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Flash Nonfiction

The Portal

by L.E. Pinto

"Florescent Pink." by Cyrus Carlson
"Florescent Pink." by Cyrus Carlson

Beneath his furrowed brow, the larger-than-life fat man’s gray eyes remain permanently fixed in a mid-range gaze that never notices who is in his path. Beads of perspiration stipple his forehead as his parted lips accept an equally sweaty hot dog.

“The self-loathing!” my brother Robert used to gasp, smirking and gesturing toward the enormous canvas that dominated his living room. He marvelled in the painting’s grotesque aesthetic and unwitting homoeroticism.

My brother acquired Gourmand in the early 2000s from his friend Ken Grahame. Part of Grahame’s portraiture series in oil based on found photos, Gourmand depicts a competitive eater who appeared in an issue of Colours Magazine. He first painted a small version, then scaled it up after seeing people’s intense reactions to it.

Robert died very suddenly in 2015. With no assets to speak of, and survived only by our parents and me, we held onto whatever mementos we could. Things, possessions, artifacts — they are the traces that linger like ghosts of the soul lost. Adam and I took the painting.

A philosopher by way of hobby not profession, my brother sometimes spoke of conjuring spectres — but not the human/spiritual kind. He flirted with post-structuralism, frequently luring me into playful, impromptu discussions about radical thinkers such as Derrida or Deleuze or Debord. In some of those conversations, he explained that Jacques Derrida’s philosophical hauntology consists of metaphors, not actual ghosts.

A few months after my brother’s death, his friend Kelly contacted me. Suzy, she told me, had news for me, but was dismayed to the point that she didn’t want to disclose anything right now. “And besides,” Kelly said, “she’s about to travel. But she has a message from a psychic. Maybe we can all get together when she’s back in town.”

 “Please Kelly, can you just tell me?”

“Suzy doesn’t believe in psychic stuff. But a neighbour had an extra ticket to one of those big events with a medium. Suzy wasn’t even going to go, but at the last minute, she did.”

“I don’t believe in that sort of thing, either,” I told her. At least not since I was a teenager, handing over my part-time wages to questionable fortune tellers at the local psychic fair. Adam, on the other hand, can’t get enough of cable ghost-hunting programs and fancies himself an amateur paranormal investigator.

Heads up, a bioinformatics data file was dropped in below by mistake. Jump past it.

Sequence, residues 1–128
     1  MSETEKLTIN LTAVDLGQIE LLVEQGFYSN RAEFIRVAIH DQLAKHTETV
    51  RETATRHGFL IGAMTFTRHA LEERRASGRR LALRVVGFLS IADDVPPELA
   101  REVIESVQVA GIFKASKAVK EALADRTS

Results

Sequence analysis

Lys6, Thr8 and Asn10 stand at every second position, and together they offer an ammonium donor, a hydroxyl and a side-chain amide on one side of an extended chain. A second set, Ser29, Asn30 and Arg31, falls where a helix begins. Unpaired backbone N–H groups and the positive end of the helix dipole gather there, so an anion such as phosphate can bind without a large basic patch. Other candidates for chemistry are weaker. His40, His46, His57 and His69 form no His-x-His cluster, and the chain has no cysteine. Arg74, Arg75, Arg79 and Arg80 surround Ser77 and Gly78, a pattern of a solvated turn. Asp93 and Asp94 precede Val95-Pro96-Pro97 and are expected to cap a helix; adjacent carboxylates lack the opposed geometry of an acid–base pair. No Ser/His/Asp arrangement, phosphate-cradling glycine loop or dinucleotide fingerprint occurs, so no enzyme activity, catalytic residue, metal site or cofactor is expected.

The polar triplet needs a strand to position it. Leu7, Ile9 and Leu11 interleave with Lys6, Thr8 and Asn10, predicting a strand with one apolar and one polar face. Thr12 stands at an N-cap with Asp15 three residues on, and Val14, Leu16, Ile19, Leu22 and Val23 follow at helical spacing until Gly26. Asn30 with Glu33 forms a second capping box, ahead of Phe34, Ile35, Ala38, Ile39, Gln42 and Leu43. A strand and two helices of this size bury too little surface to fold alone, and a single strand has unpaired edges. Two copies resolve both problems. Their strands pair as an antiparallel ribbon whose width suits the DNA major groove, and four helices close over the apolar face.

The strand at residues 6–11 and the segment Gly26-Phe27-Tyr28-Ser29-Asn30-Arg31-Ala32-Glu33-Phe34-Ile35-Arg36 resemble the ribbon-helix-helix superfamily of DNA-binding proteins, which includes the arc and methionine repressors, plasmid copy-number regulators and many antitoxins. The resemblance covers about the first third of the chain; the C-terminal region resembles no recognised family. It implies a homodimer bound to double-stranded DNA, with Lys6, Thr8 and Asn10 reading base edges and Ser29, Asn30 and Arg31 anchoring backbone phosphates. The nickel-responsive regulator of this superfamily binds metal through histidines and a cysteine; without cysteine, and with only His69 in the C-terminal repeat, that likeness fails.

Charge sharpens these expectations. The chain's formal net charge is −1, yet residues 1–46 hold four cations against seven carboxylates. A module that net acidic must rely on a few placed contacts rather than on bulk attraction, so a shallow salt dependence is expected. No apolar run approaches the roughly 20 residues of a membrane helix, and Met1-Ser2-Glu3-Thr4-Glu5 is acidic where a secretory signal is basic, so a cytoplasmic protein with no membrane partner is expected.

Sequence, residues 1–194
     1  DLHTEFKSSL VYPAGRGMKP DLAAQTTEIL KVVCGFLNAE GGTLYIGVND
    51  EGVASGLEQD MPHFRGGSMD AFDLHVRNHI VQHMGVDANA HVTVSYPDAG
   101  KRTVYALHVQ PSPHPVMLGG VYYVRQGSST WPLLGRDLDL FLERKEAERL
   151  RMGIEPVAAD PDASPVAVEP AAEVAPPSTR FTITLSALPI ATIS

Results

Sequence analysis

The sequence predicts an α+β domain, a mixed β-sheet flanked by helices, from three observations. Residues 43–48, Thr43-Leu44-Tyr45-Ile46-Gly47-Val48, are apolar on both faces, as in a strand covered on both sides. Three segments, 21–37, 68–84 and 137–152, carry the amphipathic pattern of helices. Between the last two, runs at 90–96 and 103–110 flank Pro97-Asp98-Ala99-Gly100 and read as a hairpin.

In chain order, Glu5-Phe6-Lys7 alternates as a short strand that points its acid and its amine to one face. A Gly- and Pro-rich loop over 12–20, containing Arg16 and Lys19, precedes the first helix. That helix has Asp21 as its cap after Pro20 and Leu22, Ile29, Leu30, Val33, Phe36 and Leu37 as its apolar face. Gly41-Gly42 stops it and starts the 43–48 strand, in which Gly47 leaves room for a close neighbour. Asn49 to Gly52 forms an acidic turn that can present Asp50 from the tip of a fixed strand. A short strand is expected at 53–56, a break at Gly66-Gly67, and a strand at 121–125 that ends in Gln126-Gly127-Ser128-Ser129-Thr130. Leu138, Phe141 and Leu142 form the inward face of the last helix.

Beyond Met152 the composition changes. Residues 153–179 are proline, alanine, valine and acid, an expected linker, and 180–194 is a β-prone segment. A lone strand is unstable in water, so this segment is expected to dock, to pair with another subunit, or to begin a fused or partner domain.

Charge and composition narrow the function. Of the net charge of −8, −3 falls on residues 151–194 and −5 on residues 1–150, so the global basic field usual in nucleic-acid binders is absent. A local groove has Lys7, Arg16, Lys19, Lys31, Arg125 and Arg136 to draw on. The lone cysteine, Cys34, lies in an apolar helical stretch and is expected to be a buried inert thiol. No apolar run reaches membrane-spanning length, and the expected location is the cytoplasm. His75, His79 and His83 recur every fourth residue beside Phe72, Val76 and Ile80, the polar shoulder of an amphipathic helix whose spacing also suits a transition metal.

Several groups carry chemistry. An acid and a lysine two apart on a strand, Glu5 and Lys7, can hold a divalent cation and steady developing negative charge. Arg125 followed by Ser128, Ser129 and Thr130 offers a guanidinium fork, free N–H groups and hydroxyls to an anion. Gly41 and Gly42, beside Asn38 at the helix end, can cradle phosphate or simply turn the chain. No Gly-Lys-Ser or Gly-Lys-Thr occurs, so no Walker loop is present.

“The medium picked Suzy out of the audience,” Kelly explained. “‘I have a message,’ the psychic told her, ‘not for you. This male presence, he says, tell my sister I love her. Tell her it was all an accident. I’m so sorry. I’m sorry. I didn’t mean for this to happen.’”

I’m sorry, so sorry. Robert left scattered a trail of controversial choices in life, for which he often expressed remorse. He frequently phoned late at night, crying and apologizing. I’m so sorry. I’m sorry. Sorry.

Adam was intrigued by the psychic’s message. “The painting!” he said with renewed confidence in a theory he had built since Gourmand found its place over his sofa. He playfully hypothesized that Gourmand was a portal, trying to convince me that it conveyed messages to Robert in another realm.

“Don’t say it to me, tell your brother,” Adam constantly chided me, pointing at the mammoth fat man. Perhaps he was on to something, though my own spectral communication with Robert is very different from the paranormal sort that Suzy experienced.

It’s not an entirely bad habit, chattering with the spirits. It can be comforting — even therapeutic — to tell my brother how I’m feeling, pose questions and speculate how he might react to current events or political happenings. Even read him a draft of a work-in-progress.

Shortly before his own death, Derrida spoke of a desire to leave traces — both objects and gestures — for heirs to inherit and use in what he believed was a never-ending process of mourning. Together, aesthetic, intellectual, and emotional traces allow those left behind, in Derrida’s words, “to speak always of the spectre, to speak to the spectre, to speak with it, therefore especially to make or to let a spirit speak.”

© L.E. Pinto

Rather than a ghostly ethereal form, my brother exists in conversations mediated by tangible and intangible traces he left behind. He survives each time those traces help those who knew him mourn his passing — two important ones being the philosophical ideas he shared, and the painting. I can imagine my brother quoting Derrida: “The trace I leave signifies to me at once my death, either to come or already come upon me, and the hope that this trace survives me.”

Those traces — especially the larger-than-life Gourmand gazing in my direction from above the sofa — lure me into spectral conversations, just as Derrida described. The never-complete process of mourning my brother occurs, in part, through the portal. Sometimes, I ask my brother if he ever envisioned the role this painting would serve after he left the earth. I look into the fat man’s eyes, and imagine that he did.

Appeared in Issue Fall '23

L.E. Pinto

Nationality: Canadian

First Language(s): Lithuanian
Second Language(s): English

More about this writer

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Das Land Steiermark

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